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SEC 2009 // South Carolina Leans on Hope, Again


SEVENTH IN A SERIES :: The 2008 South Carolina Review

As I write this, I am listening to the album Emphasis! (On Parenthesis) by the Stanton Moore Trio. I feel like the title fits for South Carolina.

South Carolina is coached by Steve Spurrier, offensive genius! (who has yet to engineer a top 40 scoring offense in Columbia). He's a quarterback guru too! (who's yet to have a decent quarterback there). The defense has been pretty good too! (except when it's not).

The cliché at this point would be to state that things haven't gone as expected for Spurrier since he's been to Columbia. But what does that even mean? A lot has to do with your own personal expectations for him when he got there. This is a program that has never been to a bowl game in three consecutive seasons and whose conference titles and 10 win seasons combined can be counted on two fingers. It resides in a state that is not blessed with bountiful talent from which to recruit, and it has to go up against a half dozen established powers in its own conference alone.

Spurrier placed the Gamecocks second in the SEC East in 2005, beat Florida in the process, and finished with a 5-3 SEC record for only the third time since joining the SEC. In 2006 they won eight games, something that's happened just six times since 1980. In 2008, Spurrier guided them to their third bowl in his first four years, something that no other South Carolina coach has done. SC has also been at or above .500 in each of his four seasons, the first such four year stretch since 1987-90. Four-year periods of .500+ ball have happened just five times since World War II, and they've never been longer than four.

The most puzzling aspect of it all for me is the lack of good quarterbacking. So far, the quarterback play under Spurrier in Columbia hasn't been up to the standards of Eric Kresser, much less those of Shane Matthews, Rex Grossman, or Danny Wuerffel. Given the hailstorm of interceptions last year, Steve would probably just take a Noah Brindise if he could.

This could be the year when things work out behind center though. Stephen Garcia is said to be the best quarterback Spurrier has recruited to South Carolina, and he is one of just two four-star singal callers (along with the now-departed Chris Smelley; according to Rivals) the Ol' Ball Coach has brought in. Thanks to staying clean in the off season, Garcia has now actually attended an entire spring practice, and new quarterbacks coach G.A. Mangus could be an upgrade over David Reaves given his impressive resume. Being a former Spurrier quarterback, Mangus would certainly know the offense inside and out.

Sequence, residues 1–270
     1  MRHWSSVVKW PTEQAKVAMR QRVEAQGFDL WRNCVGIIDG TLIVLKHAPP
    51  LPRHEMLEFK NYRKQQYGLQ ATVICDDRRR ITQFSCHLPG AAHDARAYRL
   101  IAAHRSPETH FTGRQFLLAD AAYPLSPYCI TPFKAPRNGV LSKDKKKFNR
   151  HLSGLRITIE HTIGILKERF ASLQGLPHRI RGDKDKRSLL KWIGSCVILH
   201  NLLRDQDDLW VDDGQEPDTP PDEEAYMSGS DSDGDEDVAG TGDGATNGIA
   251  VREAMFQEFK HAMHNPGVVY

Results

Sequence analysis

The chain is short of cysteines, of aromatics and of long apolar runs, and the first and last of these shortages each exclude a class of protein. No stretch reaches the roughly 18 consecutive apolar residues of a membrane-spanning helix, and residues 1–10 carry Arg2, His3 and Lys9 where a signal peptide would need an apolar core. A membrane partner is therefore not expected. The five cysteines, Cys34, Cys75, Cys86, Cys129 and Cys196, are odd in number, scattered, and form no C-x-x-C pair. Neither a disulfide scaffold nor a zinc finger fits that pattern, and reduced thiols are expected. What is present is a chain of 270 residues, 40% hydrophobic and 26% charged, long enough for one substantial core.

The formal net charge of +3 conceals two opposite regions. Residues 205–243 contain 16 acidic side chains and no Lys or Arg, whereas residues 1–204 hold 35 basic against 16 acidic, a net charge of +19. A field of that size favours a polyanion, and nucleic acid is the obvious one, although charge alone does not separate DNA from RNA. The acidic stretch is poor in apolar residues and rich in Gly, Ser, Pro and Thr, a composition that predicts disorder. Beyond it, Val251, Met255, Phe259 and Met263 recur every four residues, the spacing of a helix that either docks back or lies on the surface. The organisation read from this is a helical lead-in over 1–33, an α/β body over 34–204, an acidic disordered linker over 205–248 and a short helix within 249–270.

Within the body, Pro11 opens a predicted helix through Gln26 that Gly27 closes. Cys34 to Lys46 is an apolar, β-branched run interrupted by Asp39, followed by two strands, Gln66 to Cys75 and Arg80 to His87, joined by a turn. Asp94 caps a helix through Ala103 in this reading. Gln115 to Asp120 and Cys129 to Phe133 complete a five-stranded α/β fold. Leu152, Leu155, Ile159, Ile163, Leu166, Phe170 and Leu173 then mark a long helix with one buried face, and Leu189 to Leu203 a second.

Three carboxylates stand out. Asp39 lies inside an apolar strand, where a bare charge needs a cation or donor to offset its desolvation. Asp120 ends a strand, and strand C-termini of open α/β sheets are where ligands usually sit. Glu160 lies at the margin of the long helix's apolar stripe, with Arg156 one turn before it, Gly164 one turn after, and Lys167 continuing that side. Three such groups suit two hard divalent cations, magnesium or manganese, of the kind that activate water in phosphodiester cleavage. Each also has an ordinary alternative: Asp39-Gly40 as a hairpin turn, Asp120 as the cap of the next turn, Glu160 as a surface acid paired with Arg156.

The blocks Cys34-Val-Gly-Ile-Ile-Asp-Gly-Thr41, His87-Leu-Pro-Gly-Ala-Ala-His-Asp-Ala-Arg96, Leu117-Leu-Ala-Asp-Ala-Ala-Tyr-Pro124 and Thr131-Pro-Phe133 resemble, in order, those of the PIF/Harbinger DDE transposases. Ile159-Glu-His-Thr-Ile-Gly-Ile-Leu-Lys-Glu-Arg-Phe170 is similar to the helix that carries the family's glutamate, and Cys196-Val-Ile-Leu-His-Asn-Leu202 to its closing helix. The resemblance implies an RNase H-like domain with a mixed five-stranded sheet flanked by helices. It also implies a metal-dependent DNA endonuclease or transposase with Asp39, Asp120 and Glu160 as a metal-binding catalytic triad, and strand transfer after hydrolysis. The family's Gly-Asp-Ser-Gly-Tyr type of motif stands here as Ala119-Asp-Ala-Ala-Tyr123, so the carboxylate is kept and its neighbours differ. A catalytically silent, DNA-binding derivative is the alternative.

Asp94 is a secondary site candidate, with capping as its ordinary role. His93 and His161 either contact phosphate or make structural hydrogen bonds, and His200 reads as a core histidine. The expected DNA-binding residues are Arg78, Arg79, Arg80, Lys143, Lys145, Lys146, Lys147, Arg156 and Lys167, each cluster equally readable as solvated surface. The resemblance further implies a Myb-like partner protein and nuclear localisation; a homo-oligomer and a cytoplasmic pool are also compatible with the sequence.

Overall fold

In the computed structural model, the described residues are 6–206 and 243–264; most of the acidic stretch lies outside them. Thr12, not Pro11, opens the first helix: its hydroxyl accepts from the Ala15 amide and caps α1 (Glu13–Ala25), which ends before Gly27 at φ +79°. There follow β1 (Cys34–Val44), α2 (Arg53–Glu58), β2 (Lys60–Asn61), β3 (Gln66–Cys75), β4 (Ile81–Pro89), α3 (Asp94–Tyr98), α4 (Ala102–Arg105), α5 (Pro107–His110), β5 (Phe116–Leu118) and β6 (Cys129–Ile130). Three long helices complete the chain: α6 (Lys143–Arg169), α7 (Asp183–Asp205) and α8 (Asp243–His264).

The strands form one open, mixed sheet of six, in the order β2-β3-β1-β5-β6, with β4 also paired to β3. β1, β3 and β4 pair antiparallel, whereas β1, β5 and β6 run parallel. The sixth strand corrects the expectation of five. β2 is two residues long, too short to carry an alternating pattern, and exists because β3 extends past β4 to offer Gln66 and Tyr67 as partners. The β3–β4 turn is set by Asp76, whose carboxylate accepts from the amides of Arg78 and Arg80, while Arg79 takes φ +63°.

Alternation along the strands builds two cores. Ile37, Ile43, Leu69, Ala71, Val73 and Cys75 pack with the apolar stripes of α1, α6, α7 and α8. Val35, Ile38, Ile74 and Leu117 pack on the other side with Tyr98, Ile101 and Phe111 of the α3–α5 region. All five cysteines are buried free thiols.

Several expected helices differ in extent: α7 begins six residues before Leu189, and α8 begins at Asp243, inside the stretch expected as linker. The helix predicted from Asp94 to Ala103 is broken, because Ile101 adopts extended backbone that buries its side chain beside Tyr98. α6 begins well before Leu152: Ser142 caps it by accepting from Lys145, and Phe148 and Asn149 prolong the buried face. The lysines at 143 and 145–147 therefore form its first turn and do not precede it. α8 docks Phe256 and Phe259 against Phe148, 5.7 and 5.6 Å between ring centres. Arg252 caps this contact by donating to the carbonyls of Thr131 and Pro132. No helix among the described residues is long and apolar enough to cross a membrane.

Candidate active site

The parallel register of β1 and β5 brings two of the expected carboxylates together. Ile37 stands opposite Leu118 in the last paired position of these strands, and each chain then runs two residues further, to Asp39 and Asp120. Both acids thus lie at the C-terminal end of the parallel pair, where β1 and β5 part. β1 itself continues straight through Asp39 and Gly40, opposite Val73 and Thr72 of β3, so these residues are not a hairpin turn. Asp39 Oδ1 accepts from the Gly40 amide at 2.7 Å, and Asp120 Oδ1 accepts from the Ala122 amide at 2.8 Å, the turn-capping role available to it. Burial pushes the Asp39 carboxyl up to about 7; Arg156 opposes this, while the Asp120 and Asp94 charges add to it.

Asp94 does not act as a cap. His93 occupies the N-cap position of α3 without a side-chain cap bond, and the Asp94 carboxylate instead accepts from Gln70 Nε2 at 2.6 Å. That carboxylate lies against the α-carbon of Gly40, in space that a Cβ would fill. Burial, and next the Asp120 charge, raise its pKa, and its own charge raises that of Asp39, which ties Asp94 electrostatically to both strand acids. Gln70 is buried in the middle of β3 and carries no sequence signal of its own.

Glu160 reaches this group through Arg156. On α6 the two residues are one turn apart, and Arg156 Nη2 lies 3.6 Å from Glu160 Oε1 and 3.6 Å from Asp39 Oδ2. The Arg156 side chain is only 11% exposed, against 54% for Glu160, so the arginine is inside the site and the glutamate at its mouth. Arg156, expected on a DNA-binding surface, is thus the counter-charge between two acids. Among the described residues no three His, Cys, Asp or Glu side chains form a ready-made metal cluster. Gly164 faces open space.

Of course, that assumes the offense is worth knowing still. Too many people to count have declared that Spurrier has lost his touch, that he's washed up, and that people have figured out his schemes. Not so said Heath Cline, a sports radio host in Columbia who's also worked in Florida and whose word I'd value 50 times more than random national pundits who don't watch South Carolina play much:

Spurrier's still as good a playcaller as he ever was, and his system still works. There were plenty of times last year where receivers were open and the quarterback either didn't make the read, made a bad throw, or was getting sacked. No Spurrier offense can work correctly without a QB. In four years in Columbia, he hasn't one worth a darn yet.

I can back that up anecdotally. I watched Spurrier's coach show several times last season, and it was full of him saying things like, "Well, we had a receiver open over on the weak side, but we didn't make the read right and now we make a bad throw."

Replacing WR Kenny McKinley and TE Jared Cook will be tough, but the Gamecocks have plenty of big receivers for Garcia to throw to. They'll need to step up their play in light of those losses, of course, but there is talent there. Freshman RB Jarvis Giles impressed in the spring game and he could catch some passes out of the backfield too. There are pieces here for a good passing game, and Giles brings hope to the running game. Remember, all of Spurrier's best offenses have had good running elements to them (Errict Rhett, Fred Taylor, Earnest Graham, etc.) along with the passing.

For all of this to go, the offensive line will have to gel and quickly though. A new offensive line coach Eric Wolford has come in to try to solve the problems of injury and inconsistency that have plagued the Gamecock line over the past four years. He and Mangus are just two parts of a coaching staff overhaul that ideally will pay immediate dividends.

South Carolina is one of the most divisive teams among the early consensus, and it's not hard to see why. There's no broad agreement on how Garcia will shape up, how the defense will deal with its losses, and whether Spurrier is the answer in Columbia. There's enough there for hope though, and for the endlessly devoted Gamecock fanbase, that's probably all they need.

Of course, eight or nine wins couldn't hurt.


MONDAY: Past as Present
TUESDAY: The Schedule; Spurrier Meets with Two Students
WEDNESDAY: The Depth Chart; Hope and Homerism
THURSDAY: Predictions
FRIDAY: Feedback and Conclusions